Forklifts, excavators, aerial lifts, dump trucks – many of us work around these machines on a daily basis, whether it be as an order picker in a warehouse, a flagger on a construction site, or an inspector. After a while, if we’re not careful, the equipment could begin to blend into the background. When that happens, people get careless. While there need to be safety precautions in place that make the operators of mobile equipment responsible for the well-being of people on the ground, the pedestrians themselves need to adhere to rules as well, in the interest of self-preservation.
The first thing needed to keep pedestrians safe is a simple “rule-of-thumb”: never assume an operator knows you are there. Whether the operator actually knows or not is irrelevant if you don’t know that they know. It would not take much for one of these machines to end your life, so why take the chance? Even if you think an operator is aware of your presence, make sure they know. Wave them down. Make eye contact. Indicate where you are going. Let them know when you are clear. We all know the old saying about assuming, but I assure you, if you assume wrong in this instance, it’s going to be a whole lot worse than just looking silly.
Operators can’t look out for us if we aren’t visible. Street clothes, muted colors, or colors that blend into the background all cause dangerous situations. Anybody that needs to be on the ground near mobile equipment should be wearing high-visibility clothing. Whether that means reflective vests or brightly-colored T-shirts really depends on a hazard assessment of your operation. Once you determine what you need, however, enforce it. Ensure your management personnel adhere to it, too. They’re no more immune to being run over by a 5,000 lb. machine than is a member of the labor workforce. Finally, have extras. People are going to show up and need to get around your facility. Some of them will not bring their own high-visibility gear. Make sure you are prepared to offer them something you’ve got ready to go.
Limited Personnel and Dedicated Walkways
One of the best ways to protect pedestrians on your site is to keep the number of pedestrians there are to an absolute minimum. An operator can’t run over somebody that isn’t there. Ensure that work areas are only being accessed by the necessary personnel. Ensure that anybody else accessing your work area is escorted by somebody who is used to your operations. And, where possible, limit the places they can travel. This may be easier in a warehouse than it is on a construction site, for example, but if you can delineate areas that are acceptable for pedestrians, then do so and enforce it. If possible, a permanent barrier like railing and safety gates may be a good option. Make sure your delineations are easily recognizable and maintained. A painted line on the floor is no good if it’s been worn away. A flagged off area is no good if the rope has snapped and the flags have blown away.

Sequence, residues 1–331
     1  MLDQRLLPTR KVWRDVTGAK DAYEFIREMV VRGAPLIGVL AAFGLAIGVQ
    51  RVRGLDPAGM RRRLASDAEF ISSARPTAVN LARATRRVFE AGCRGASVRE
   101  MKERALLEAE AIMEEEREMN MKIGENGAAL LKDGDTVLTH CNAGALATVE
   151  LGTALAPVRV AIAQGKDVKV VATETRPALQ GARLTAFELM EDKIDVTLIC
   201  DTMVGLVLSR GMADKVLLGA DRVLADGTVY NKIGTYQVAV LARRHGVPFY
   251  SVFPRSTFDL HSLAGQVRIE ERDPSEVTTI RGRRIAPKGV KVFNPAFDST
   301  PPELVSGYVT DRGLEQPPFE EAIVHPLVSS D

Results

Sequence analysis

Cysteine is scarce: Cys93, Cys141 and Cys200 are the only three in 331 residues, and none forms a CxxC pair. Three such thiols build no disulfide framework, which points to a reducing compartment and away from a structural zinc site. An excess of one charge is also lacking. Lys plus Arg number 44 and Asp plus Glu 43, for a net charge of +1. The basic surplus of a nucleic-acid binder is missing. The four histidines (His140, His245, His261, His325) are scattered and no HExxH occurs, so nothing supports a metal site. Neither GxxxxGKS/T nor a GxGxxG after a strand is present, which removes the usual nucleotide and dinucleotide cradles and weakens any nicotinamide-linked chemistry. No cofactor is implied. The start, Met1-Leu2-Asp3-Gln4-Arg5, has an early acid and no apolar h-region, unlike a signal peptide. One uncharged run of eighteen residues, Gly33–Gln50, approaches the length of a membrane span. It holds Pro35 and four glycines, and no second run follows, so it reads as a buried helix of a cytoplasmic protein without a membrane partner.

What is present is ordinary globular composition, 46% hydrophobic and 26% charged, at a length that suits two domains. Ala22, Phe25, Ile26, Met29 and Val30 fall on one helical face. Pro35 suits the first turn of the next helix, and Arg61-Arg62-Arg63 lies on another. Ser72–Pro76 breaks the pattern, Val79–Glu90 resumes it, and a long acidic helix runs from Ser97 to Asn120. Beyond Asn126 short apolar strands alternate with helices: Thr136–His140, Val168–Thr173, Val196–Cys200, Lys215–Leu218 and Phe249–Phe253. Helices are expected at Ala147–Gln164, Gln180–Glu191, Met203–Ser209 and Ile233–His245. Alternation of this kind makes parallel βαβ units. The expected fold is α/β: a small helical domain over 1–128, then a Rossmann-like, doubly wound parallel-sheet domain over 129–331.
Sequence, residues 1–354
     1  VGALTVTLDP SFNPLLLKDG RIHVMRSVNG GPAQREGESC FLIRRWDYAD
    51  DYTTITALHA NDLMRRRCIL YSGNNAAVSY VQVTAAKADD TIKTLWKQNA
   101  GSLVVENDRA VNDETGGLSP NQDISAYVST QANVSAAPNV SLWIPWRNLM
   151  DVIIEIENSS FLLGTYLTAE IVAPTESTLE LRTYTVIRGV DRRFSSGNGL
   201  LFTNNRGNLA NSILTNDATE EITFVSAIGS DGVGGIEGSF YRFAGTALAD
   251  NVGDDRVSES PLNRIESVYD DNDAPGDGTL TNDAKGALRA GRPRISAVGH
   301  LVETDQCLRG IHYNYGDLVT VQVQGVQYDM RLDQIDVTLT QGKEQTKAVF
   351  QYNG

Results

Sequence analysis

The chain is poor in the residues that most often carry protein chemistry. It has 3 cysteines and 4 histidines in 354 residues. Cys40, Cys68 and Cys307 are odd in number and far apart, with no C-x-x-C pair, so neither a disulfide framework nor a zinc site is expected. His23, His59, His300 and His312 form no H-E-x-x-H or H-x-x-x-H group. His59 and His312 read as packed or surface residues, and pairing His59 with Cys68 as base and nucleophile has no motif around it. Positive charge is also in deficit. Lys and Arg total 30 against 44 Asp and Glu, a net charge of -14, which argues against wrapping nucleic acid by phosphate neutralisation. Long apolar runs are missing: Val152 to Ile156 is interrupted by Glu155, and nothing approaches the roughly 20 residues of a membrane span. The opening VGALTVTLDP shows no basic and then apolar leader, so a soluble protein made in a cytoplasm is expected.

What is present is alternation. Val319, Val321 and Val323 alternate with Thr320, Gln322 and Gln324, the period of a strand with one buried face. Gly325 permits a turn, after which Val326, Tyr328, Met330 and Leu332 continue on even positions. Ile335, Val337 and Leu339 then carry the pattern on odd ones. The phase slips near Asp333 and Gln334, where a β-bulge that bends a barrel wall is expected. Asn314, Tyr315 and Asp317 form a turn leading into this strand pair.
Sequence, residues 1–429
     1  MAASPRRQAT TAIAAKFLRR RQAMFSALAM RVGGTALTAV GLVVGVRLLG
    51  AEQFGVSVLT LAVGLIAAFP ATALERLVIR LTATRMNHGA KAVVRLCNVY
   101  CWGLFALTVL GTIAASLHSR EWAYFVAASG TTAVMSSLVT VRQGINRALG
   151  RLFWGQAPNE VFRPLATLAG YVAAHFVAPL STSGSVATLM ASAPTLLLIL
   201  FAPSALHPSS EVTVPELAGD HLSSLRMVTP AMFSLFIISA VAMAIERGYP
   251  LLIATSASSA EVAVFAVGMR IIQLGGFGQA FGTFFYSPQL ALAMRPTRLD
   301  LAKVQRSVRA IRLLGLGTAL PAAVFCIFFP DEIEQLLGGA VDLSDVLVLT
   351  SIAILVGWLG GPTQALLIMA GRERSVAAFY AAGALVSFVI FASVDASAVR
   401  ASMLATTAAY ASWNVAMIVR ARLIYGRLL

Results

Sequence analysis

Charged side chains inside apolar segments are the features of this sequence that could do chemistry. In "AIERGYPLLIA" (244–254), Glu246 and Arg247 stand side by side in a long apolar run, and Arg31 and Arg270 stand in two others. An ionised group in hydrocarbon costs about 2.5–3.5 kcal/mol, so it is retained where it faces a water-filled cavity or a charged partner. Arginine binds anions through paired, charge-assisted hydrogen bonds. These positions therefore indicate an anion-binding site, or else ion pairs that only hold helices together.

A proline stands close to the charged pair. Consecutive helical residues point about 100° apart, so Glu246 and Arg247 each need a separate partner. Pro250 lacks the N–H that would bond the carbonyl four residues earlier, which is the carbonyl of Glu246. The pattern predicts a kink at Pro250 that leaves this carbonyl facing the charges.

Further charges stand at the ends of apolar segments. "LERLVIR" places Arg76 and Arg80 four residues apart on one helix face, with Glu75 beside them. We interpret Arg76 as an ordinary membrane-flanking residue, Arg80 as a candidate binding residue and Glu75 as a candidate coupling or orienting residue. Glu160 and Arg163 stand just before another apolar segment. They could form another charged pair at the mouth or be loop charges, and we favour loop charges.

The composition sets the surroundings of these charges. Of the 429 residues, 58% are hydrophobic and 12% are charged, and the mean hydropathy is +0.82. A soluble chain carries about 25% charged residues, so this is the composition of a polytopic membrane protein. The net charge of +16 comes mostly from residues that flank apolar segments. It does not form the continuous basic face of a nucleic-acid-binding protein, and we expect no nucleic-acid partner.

Where operators have limited visibility, use spotters who can stand somewhere that gives them a better vantage point on what’s going on around the equipment. Train your spotters on hand signals so that your equipment operators can quickly communicate with them even if you have electronic communication. Remember, electronics can fail and words can be misheard. In an emergency situation, you may not have time to account for that. One issue with spotters, though, is that they, too, are pedestrians. Your operator needs to be trained that if they are working with a spotter and they lose sight of that person, they stop the equipment immediately.
I put backup alarms low on this list for a reason. First, they only operate when a piece of equipment is backing up. They are there because the operator cannot see clearly (if at all) behind their machine, but it is assumed that they can see just fine moving forward. Obviously, this isn’t always the case. Second, on a construction site or in a warehouse these can be so prolific that people just start ignoring them. These are great to have, but you cannot be dependent on them.
This one is going to pop up on just about every list we make. None of the things we’ve listed do any good if the people involved are not properly trained. In this case, that could apply to somebody who is just making one quick stop to your site or facility. It isn’t necessary to have a 2-hour long training, but talk to the person, make sure they’re wearing what they need to be wearing, and make sure they know about your walkways or controlled areas. Do not allow anybody to walk out onto your site blindly.
Remember, in the battle of man vs machine, when it comes to a matter of brute force, the machine is always going to win. People may need to be reminded of this. There is a reason why “struck by” is one of OSHA’s Focus Four – because these terrible accidents occur. Don’t allow your people to be careless around mobile equipment.
With the number of transient workers that come through warehouses, the hustle and bustle of getting orders shipped out and deliveries onto the racks, and a variety of other concerns, having a strong forklift safety program is essential. A quick walk through many warehouses will show machines being driven faster than they should be, unsecured or uneven loads, forks being raised and lowered as lifts are turning, and random foot-traffic. Remember, you, as a pedestrian, will not win against a machine that weighs thousands of pounds! So, where can we focus our attention?
No article can substitute for forklift operator training, which you know, all of your operators MUST have, right? AND that they must be reevaluated at least every three years, right? OK, good. Just checking. Too often, I have seen new warehouse workers put in a situation where they are just expected to figure it out. Train your employees properly. Observe them while they’re working. Are they constantly going too fast, coming around corners or into intersections without slowing down or beeping, driving with their view obstructed, or raising/lowering loads while they’re moving? That employee may need to be retrained. If you don’t have somebody who is able to do that ongoing evaluation, you need to properly prepare somebody to fill that role.